My husband and I are different levels of introverts. I’m one of those who can be an extrovert for short amounts of time, then retreat to safety. My husband is a true introvert who’d rather put things out by the curb than price crap and put it out to sell.
I get it. In my sixty-something years There was one garage sale in New Orleans where a roommate dressed up and armed himself like the prison trustee in Cool Hand Luke. With a shotgun I didn’t know he owned. In partial jest and response to crazy shoppers.
In the pre-Katrina days of New Orleans, sharp-elbowed grandmas were frightening, on the NOPSI buses or garage sales. It was, and is, a huge multicultural city, and what passed for over the top rudeness somewhere like Iowa, was met with a sigh and eye-rolling.
Living in New Orleans prepared me for living in an even more multicultural city like Houston. In a city where Hispanic men are much nicer to me than Anglos, sometimes the niceties of good behavior and respect are lost.
Garage sales are the worst, especially for introverts trying to downsize. I get that my husband would rather take a tiny tax write off than chase off early birds, offensive hagglers, and thieves. Or accidentally opening our car garage door on community garage sale days, only to find cars stopping and people stalking down our driveway. Shudder.
I can’t even organize my garage without people trying to browse.
The worst is someone, like today, walking over and quizzing us about buying things stored in our house. Asking how much something cost. Standing there licking their lips in anticipation. Shudder.
In a time where porch thieves steal packages, furniture, and plants, it seems personal boundaries and respect for property are gone.
This is irony for me, since my free-range childhood often meant trespassing and doing ridiculously dangerous stunts. Just thinking about it makes me ashamed.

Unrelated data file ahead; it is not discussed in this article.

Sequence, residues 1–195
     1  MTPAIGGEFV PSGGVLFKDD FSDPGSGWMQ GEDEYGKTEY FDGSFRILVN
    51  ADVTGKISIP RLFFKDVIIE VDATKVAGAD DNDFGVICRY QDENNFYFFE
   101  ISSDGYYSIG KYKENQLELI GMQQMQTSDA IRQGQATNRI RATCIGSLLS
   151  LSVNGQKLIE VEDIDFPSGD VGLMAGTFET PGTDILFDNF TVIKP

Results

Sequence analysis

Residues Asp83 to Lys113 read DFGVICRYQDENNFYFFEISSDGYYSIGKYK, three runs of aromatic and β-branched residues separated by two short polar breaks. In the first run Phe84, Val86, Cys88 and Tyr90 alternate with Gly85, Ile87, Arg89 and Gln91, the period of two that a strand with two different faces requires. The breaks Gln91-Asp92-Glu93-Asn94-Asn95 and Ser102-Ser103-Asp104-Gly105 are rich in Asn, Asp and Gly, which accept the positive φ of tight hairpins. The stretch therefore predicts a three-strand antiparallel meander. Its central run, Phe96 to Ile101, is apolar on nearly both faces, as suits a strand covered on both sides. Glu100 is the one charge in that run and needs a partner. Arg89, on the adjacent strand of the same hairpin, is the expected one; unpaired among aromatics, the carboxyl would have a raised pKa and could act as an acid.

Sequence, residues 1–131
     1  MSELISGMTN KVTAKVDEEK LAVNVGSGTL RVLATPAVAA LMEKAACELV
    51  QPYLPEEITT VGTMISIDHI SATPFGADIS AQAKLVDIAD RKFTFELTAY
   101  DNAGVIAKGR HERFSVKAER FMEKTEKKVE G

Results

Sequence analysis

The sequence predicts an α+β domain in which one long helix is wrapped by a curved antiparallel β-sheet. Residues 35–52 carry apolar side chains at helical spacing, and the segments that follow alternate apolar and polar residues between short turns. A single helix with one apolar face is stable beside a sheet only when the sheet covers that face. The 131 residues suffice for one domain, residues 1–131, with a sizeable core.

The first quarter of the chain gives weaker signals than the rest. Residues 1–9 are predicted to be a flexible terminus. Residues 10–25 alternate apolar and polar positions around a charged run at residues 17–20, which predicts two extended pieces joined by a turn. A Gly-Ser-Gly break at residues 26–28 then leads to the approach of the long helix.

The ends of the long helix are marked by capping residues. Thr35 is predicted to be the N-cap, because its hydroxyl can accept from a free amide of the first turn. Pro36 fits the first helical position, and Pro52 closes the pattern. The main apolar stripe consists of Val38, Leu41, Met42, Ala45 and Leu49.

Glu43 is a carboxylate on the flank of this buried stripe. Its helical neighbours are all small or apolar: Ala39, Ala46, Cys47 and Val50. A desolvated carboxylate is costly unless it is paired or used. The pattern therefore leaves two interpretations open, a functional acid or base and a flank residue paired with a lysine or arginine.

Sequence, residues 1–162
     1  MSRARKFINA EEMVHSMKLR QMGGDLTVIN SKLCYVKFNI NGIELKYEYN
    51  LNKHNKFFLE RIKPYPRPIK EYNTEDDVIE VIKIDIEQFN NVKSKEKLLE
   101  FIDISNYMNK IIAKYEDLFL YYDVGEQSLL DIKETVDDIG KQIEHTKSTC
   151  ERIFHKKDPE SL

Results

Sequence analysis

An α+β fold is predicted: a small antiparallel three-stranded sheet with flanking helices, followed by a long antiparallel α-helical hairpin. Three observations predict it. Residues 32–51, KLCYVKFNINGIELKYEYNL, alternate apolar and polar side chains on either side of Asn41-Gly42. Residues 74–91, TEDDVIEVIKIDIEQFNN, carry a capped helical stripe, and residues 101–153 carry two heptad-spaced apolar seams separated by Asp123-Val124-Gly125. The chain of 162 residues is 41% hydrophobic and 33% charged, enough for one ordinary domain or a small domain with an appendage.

A friend of mine keeps urging me to have a big sale and make some bucks. I smile, and keep quiet, remembering Russell standing on the front porch of the Lakeview house. Mirrored aviator glasses, khaki colored clothes, cowboy hat, a smirk, and a shotgun cradled in his arms. Yeah, no garage sale without friend Russell.
The summer fireworks season is upon us, and I’m already seeing plans for huge block parties with massive fireworks plans. I used to love them. My childhood stocking at Christmas was packed with them. It wonderfully stank of them.
Now I have friends who are veterans with PTSD, and fireworks are a major trigger. They suffer through every New Year’s Eve, Memorial Day, you name it. Being kind and considerate towards people who served the U.S. means more than my love of blowing crap up.
What once seemed like good, harmless fun terrorizes my friends. My right must come second to theirs.
So please, y’all. If a veteran puts out a sign in their yard pleading no fireworks, don’t feel like it infringes on your rights. Be grateful that veteran donned a uniform to keep us free, be mindful of how they might suffer, support our veterans not only in word, but deed. And gratitude.